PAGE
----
"governmental agency composed of uniformed volunteers and
created to bring the personnel of the Merchant Marine to a high
point of professional efficiency" (A.R.35, 131).
To that end, the Maritime Service operated five types of
training schools where personnel were trained in "every activity
carried on aboard the merchant vessel" (A.R.35, 130):(1)
Maritime Service Training Stations; (2) Maritime Service
Officers' Schools; (3) Maritime Service Radio Training Stations;
(4) Maritime Service Upgrade Schools; and (5) special training
courses for ship's carpenters, assistant purser-hospital
corpsmen, communications, and convoy procedures as well as
barrage balloon schools, and turbo-electric schools. The
Maritime Service Training Stations included three "shore
training stations where new men [were] trained for positions as
unlicensed seamen in the deck, engine, or stewards departments"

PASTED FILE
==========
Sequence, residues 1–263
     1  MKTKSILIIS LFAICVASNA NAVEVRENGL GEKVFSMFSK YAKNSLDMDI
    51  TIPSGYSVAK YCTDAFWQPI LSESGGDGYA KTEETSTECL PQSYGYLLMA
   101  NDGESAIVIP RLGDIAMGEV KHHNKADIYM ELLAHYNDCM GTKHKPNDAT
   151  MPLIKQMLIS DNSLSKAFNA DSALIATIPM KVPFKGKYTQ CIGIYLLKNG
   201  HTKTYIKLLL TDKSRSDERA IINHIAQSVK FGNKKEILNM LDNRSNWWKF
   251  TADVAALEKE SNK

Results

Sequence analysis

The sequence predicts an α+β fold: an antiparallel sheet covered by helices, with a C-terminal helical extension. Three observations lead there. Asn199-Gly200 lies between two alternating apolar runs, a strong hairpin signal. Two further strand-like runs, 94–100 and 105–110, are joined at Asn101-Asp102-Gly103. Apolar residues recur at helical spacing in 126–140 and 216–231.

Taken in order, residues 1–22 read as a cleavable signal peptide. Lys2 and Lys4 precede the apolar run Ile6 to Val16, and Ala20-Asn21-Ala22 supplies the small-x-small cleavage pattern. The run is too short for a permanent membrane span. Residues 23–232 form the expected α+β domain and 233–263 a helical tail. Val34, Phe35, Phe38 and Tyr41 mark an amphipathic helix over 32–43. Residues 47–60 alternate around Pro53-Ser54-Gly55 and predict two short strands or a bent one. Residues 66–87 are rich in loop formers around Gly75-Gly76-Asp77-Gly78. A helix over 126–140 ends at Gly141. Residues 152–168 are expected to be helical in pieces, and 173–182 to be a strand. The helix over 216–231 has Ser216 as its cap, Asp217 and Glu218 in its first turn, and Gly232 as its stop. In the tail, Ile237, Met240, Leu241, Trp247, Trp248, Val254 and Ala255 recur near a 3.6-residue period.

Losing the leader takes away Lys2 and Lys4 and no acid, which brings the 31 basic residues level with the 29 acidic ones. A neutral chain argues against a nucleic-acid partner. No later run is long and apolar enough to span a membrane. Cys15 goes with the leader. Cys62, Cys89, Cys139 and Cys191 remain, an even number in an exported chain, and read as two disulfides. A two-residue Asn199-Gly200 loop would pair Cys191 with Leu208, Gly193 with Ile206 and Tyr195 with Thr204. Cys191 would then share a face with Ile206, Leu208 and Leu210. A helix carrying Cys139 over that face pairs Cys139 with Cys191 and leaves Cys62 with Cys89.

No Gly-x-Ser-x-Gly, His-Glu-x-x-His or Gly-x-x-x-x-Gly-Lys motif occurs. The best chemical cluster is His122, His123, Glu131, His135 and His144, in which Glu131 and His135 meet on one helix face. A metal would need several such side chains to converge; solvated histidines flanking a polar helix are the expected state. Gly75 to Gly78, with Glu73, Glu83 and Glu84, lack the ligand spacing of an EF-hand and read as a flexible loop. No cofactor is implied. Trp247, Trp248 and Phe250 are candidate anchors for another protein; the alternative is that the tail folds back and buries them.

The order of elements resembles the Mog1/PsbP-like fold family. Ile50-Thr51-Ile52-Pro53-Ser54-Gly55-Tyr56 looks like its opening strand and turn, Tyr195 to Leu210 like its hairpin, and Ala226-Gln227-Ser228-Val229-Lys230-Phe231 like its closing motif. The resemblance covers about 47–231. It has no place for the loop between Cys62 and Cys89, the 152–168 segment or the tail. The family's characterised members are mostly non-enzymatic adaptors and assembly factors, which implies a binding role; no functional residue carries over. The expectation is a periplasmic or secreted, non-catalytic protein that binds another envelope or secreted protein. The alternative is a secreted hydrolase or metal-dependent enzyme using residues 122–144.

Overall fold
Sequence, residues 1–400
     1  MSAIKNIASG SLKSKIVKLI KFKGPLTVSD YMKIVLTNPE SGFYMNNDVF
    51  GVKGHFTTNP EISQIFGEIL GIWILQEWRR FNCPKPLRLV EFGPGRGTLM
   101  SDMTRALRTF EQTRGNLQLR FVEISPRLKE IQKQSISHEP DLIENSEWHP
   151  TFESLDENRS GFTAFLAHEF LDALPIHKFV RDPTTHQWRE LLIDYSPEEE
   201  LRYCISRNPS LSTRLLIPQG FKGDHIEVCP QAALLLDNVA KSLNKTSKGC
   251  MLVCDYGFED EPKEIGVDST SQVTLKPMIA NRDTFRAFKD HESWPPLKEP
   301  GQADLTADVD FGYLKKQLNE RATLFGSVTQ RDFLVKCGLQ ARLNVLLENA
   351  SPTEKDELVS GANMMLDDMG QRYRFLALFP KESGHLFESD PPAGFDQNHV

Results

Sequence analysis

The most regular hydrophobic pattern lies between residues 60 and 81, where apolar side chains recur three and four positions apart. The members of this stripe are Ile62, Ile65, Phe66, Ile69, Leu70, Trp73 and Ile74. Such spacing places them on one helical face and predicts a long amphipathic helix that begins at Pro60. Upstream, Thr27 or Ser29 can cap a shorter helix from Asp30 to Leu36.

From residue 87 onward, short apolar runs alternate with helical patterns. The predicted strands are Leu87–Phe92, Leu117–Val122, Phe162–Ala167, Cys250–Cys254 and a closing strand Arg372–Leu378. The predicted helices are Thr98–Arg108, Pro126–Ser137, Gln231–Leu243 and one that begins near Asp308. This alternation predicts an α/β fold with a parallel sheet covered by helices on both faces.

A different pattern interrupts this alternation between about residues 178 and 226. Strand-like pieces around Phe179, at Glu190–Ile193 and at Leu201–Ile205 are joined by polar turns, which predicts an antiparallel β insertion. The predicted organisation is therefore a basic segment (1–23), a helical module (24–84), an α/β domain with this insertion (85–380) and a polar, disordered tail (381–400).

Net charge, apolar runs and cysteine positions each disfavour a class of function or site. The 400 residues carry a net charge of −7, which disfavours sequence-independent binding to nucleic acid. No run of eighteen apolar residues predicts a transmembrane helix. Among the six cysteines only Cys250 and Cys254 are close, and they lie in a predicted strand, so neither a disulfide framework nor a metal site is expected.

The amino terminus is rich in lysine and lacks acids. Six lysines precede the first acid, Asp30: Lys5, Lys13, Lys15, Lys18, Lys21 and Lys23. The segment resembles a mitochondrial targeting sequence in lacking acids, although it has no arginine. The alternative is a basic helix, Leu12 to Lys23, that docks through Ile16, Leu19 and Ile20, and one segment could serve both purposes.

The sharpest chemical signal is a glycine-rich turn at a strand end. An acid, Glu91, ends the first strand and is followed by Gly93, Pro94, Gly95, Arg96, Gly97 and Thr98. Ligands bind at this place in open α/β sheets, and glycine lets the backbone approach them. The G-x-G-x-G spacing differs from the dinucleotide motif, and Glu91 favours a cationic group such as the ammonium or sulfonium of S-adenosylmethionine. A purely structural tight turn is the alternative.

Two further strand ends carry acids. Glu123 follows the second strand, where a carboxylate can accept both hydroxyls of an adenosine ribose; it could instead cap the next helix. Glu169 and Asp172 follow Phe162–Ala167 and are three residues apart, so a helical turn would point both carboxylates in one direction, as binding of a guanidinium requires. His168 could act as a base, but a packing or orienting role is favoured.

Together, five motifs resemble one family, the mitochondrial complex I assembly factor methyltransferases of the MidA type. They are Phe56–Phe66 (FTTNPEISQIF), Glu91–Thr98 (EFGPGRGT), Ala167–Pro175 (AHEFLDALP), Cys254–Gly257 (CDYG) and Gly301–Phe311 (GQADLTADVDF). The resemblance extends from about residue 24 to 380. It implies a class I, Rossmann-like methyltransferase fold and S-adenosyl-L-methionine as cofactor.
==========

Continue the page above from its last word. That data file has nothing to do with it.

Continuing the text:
(A.R. 133). It appears from the Administrative Record that the
Maritime Service Training Organization was the Maritime Service
subgroup responsible for operating the various training schools.
The plaintiff was a member of the Maritime Service Training
Organization who was stationed at the United States Maritime
Service Training Station, Sheepshead Bay, New York, from 1944 to
During the War, the Maritime Service Training Organization was
placed under the jurisdiction of the War Shipping Administration
("WSA"). In turn, the WSA was a civilian federal agency that
reported to the President and that was responsible for
overseeing the merchant fleet and ensuring that military cargo,